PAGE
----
It's always fun to keep your eyes open for useful and interesting free tools that help make your job easier. Because these tools are free, you don't have to beg for budget or write up a justification document just to get your hands on the software to make use of it.
If you are a recent convert or a VMware shop currently listening to the Hyper-V doctrine from Microsoft, you aren't alone. Microsoft has been making a huge splash with Hyper-V throughout 2012, and as we enter 2013, quite a few VMware-only shops out there are, if nothing else, at least interested in looking at what Microsoft's server virtualization technology has to offer. Existing VMware vSphere customers may not be jumping ship in droves, but in many cases, Microsoft has found a way to at least pique their curiosity enough to warrant installing Hyper-V and trying it out for themselves.
[ Also on InfoWorld: VMware vCenter Server 5.1 will soon support Microsoft Hyper-V servers | Microsoft turns the tables on VMware's cost calculator | Track the latest trends in virtualization in InfoWorld's Virtualization Report newsletter. ]
We recently talked about how Microsoft has been trying to lure away VMware customers by claiming that Hyper-V was cheaper than vSphere and how switching platforms could save a company money. Some firms are now using Hyper-V for their development and testing environments, while others are taking it one step further by migrating over non-mission-critical virtual machines in the hopes of saving a few bucks on virtualization licensing costs.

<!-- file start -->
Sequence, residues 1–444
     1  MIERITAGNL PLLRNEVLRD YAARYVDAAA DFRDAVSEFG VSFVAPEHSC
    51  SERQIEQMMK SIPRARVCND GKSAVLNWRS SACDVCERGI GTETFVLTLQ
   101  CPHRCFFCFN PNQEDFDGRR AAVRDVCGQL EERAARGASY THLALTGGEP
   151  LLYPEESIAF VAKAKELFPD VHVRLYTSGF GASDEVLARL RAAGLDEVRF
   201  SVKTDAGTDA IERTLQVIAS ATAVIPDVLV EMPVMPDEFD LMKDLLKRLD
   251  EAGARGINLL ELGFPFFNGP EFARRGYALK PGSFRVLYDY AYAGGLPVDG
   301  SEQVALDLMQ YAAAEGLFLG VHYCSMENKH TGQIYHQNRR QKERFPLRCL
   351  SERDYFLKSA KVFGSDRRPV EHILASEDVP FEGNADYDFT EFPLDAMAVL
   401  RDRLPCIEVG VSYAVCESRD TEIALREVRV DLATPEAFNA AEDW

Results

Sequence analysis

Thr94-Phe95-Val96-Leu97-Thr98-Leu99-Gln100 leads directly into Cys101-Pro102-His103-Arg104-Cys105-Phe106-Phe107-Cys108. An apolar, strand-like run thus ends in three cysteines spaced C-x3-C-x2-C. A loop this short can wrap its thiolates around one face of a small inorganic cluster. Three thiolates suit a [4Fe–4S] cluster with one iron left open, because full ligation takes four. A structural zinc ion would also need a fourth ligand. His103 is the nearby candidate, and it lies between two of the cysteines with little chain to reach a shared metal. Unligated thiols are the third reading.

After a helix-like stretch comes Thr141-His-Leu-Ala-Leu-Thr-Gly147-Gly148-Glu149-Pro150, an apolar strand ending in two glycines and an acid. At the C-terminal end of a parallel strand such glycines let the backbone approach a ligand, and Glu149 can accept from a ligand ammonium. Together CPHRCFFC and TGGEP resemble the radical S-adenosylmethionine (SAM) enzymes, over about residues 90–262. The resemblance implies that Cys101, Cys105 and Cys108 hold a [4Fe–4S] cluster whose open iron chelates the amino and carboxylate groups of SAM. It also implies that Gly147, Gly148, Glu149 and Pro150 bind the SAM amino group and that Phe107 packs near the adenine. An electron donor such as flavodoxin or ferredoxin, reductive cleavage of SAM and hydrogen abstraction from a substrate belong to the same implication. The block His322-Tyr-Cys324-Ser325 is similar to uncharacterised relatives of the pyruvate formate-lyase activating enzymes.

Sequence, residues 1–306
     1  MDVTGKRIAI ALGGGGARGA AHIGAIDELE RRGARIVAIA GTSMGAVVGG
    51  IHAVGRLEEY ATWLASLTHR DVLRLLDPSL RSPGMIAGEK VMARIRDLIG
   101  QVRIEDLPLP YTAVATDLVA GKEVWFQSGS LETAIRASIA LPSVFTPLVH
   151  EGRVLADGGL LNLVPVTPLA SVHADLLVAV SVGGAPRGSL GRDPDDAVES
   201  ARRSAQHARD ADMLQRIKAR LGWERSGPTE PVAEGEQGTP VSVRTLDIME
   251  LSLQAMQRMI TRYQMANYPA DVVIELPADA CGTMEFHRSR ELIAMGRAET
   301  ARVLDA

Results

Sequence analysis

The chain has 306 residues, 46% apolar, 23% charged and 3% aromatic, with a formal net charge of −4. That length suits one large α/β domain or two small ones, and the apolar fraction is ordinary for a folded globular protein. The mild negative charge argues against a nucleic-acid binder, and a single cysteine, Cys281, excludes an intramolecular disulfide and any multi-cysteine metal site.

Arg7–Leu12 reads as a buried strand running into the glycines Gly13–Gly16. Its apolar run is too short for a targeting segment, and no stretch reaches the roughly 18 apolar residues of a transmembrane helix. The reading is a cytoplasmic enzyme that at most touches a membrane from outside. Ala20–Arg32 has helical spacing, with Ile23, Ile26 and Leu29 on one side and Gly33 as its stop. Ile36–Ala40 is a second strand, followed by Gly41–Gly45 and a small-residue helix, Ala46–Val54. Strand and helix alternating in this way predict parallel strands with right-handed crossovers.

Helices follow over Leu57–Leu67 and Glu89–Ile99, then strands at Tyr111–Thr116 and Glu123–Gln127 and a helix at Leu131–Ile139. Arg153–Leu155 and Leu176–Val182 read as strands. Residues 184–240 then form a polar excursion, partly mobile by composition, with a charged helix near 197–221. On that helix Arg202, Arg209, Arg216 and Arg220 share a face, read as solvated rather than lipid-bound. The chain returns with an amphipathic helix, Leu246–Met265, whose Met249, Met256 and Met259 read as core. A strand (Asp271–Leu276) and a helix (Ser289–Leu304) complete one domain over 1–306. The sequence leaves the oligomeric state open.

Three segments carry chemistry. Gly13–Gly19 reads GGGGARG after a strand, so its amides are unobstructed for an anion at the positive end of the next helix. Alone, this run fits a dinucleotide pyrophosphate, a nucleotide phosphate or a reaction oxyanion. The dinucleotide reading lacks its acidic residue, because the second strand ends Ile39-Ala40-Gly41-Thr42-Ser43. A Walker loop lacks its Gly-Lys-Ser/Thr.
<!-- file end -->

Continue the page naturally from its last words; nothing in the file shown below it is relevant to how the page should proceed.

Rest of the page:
Whatever the reason for change, if you plan on migrating, make sure you experiment with your existing VMware VMs in the new Hyper-V environment first to see how they react. How do you do that?
Recently, InfoWorld covered the free Virtual Machine Converter (MVMC) tool from Microsoft. MVMC converts VMware vSphere virtual machines or virtual disks stored using the VMDK format into Hyper-V compatible versions. Microsoft's free tool gives administrators the option of using a graphical user interface (GUI) version with wizards or a scriptable command-line interface (CLI) that can be used for automation workflows.
But if you prefer third-party solutions and want to try something that's been available a bit longer, I invite you to add 5nine's free V2V Easy Converter software to your virtual tool belt.
5nine is an early adopter who jumped into the Hyper-V ecosystem back in 2009 with P2V planning software and a virtualization analysis and optimization solution. It's been one of the unsung heroes in the Hyper-V camp working to create a number of different free and paid solutions for Microsoft's hypervisor platform. While other companies have been focusing their efforts on where the money is concentrated (read, the VMware ecosystem), 5nine has been developing solutions for Hyper-V long before it was cool (or profitable).
V2V Easy Converter is a fast and easy-to-use migration tool. It's a standalone tool that doesn't require additional software licenses. And it runs on a free Windows Hyper-V Server 2008 R2/SP1, or on other Microsoft platforms like Windows 7, or full or core editions of Server 2008 and Windows 8/Server 2012.